Groups pitch arena plans for Kingsway, South End

by Darren MacDonald – Staff Writer @Darrenmacd

Events centres among 16 big projects presented at daylong session Friday at city hall

A whole lot of big projects and big ideas got a public airing Friday at a day-long session at Tom Davies Square.

In all, 16 groups pitched projects in front of city council, ranging from ideas that have been discussed for years – a new main library and art gallery – to proposals that were presented publicly for the first time.

They include two plans to replace downtown Sudbury Arena, with one group hoping to build a $60 million events centre on The Kingsway, while another called for a $70 million centre in the city’s South End.

Dario Zulich is heading up plans to build the True North Strong Sports and Entertainment Centre on 100 acres in the Jack Nicholas Business and Innovation Park along with partners Perry Dellelce and Andrew Dale. Zulich said the sorry state of the 64-year-old Sudbury Arena has meant Sudbury has missed out on hosting major concert, sporting and other events.

“We shouldn’t let that happen anymore,” he said.

Zulich’s group presented a business plan that would see the facility build as a P3 project. Local taxpayers wouldn’t have to provide money up from, instead the city to provide “the security and borrowing power behind the project rather than capital investment.”

In turn, the group would operate the facility for 30 years, then turn it over to the city, under a similar arrangement as the $60 million biosolids plant completed last year.

The site is close to downtown, is properly zoned for the development, has plenty of space for parking and other commercial developments, including a 200-room hotel.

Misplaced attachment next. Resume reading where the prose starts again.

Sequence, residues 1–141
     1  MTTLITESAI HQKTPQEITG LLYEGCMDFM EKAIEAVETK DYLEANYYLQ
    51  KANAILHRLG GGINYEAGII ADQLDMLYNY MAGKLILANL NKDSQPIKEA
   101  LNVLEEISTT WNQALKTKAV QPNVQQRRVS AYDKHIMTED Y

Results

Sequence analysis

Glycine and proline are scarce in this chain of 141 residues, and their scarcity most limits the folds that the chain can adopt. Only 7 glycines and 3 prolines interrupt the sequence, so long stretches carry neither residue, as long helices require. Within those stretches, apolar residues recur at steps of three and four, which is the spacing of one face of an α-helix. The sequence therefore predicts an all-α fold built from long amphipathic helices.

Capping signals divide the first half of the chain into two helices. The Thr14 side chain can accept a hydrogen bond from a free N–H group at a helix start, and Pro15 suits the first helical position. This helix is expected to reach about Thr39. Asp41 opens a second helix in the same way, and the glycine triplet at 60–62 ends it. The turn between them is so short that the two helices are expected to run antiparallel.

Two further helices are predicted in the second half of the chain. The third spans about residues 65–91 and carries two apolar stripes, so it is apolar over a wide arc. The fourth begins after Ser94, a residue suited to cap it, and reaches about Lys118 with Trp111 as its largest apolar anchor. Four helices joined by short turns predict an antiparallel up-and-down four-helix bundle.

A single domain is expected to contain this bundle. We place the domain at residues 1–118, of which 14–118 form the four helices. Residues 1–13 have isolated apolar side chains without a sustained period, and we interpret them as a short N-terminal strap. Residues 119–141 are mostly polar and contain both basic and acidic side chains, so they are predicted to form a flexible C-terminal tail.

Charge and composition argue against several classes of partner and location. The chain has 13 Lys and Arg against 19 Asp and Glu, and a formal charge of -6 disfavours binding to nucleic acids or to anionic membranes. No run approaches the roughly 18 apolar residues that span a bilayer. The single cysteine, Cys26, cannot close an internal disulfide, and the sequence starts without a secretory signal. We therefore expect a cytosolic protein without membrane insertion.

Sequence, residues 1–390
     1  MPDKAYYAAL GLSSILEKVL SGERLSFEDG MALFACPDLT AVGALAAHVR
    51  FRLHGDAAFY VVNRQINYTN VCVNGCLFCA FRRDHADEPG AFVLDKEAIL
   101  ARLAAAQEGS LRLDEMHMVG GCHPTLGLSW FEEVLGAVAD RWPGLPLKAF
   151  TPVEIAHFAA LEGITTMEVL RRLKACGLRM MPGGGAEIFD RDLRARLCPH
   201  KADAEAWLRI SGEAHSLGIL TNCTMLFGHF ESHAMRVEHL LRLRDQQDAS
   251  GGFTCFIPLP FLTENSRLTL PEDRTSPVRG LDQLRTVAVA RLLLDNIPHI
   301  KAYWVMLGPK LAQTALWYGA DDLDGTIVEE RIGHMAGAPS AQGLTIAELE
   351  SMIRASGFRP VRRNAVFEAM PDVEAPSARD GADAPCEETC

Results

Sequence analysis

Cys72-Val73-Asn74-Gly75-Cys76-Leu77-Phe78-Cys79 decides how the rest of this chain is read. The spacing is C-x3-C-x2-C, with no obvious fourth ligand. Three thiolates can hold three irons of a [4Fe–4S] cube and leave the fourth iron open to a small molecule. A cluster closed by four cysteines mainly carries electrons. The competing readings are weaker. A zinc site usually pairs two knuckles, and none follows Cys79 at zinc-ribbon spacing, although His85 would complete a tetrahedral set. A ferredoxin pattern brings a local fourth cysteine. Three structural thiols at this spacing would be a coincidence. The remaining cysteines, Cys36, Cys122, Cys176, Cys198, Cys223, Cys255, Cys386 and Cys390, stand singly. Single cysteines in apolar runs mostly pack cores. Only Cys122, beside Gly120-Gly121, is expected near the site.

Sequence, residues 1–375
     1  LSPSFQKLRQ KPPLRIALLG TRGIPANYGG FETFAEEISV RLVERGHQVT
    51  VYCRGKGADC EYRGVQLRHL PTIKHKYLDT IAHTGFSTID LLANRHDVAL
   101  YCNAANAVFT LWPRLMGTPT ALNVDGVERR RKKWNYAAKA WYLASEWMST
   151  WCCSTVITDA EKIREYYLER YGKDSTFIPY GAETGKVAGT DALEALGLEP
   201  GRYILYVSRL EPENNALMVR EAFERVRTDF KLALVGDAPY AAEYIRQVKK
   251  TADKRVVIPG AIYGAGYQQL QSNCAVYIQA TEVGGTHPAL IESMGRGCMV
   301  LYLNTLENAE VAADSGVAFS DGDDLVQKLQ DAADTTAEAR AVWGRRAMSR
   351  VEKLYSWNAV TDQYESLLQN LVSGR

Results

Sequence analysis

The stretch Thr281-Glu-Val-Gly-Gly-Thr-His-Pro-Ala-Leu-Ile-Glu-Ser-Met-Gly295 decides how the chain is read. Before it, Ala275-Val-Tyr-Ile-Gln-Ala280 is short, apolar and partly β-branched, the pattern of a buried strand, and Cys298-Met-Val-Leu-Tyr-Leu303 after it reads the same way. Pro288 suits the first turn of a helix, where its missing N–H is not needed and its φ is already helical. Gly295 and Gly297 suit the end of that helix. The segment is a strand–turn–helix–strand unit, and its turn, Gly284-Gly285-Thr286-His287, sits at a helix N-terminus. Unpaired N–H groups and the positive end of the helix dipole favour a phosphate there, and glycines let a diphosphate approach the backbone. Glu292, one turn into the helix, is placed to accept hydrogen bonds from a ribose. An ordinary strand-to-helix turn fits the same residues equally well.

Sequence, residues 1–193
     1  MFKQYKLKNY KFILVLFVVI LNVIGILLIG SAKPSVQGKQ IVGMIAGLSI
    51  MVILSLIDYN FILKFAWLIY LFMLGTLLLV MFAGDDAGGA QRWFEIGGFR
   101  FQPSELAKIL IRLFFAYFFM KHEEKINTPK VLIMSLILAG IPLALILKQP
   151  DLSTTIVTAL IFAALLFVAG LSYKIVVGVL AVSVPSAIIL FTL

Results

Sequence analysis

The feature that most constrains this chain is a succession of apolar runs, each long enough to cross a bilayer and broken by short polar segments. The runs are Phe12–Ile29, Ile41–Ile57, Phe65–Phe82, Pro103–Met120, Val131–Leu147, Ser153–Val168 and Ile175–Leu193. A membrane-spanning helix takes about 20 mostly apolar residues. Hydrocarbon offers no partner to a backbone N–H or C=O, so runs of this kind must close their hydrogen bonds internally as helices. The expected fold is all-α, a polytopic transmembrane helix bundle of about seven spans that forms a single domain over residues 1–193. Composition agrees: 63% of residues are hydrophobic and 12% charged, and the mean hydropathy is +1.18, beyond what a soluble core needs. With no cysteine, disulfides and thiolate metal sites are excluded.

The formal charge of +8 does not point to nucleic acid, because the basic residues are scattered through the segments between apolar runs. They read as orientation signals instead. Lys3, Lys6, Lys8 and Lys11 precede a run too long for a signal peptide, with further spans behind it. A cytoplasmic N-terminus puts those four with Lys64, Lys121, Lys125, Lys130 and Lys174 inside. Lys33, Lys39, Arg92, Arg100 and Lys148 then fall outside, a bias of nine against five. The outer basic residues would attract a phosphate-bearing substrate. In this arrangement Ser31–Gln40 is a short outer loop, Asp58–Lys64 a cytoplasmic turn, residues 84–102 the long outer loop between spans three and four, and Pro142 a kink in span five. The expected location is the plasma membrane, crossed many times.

“It’s two minutes from Costco,” Zulich said. “Our centre will attract people from everywhere … Sault Ste. Marie, Timmins and North Bay … All roads will lead to Sudbury.

“We’re not asking for money,” Zulich said. “We’re just asking council to make this a priority … Greater Sudbury needs a centre like this. And I think Greater Sudbury wants a centre like this.”

“It’s a business model that works,” added Tom Anselmi, the former president of Maple Leaf Sports & Entertainment. “This project can finance itself … It’s an extraordinary opportunity.”

For more information, go to the group’s website.

Fabio Fiumana, of McCor Management, and John Arnold from Dalron spoke for the South End arena proposal.

Fiumana said the project would create a multi-purpose event centre to replace the aging downtown arena.

“We think the city and community have outgrown it,” he said.

He said Sudbury Wolves are 10th in attendance in the OHL, and it’s no coincidence that the nine teams ahead of them all have new or updated arenas.

Their development would be a state-of-the-art facility that would hold 6,500 people for hockey, and 7,500 for other events. Their model is based on a 70 per cent occupancy rate, conservative, he said, since the current Sudbury Arena’s rate is 81 per cent.

He said the group looked at New Sudbury, but there was a lack of available land in a proper location. Looked at Highway 17, but determined it was too far away from population centres.

They also considered downtown, but the lack of parking is a serious issue.

“And it isn’t a convenient location for out-of-town visitors,” Fiumana said. “Another issue is, where would the Wolves play for the two years it would take to rebuild this arena?”

Their location near the Four Corners includes 50 acres, with room for other developments.

“We think that it’s ready to go,” he said. “The location is convenient and easy to find for out of town visitors – it’s just off the TransCanada (highway).”

Their proposal includes an indoor soccer stadium, a second ice rink and several commercial amenities.

The preliminary budget is $70.5 million to build, as well as $5 million to operate each year.

Based at 70 per cent occupancy, that’s about $10 on event tickets, with 112 paid dates a year. Ticket prices should average about $25, he added.

“We think the ideal location would be Sudbury south,” he said, with the old arena being re-purposed for other projects that are being developed.

If managed properly, “I think it will be self-sustaining,” Fiumana said.

“This certainly has been an interesting day,” said Mayor Brian Bigger at the end of the session, praising the “bold and innovative” presented Friday.

The next step for the arena projects – and the other 14 presented Friday – will be to have the Greater Sudbury Development Corporation take a closer look at each, and prepare recommendations for city council to look at in the new year.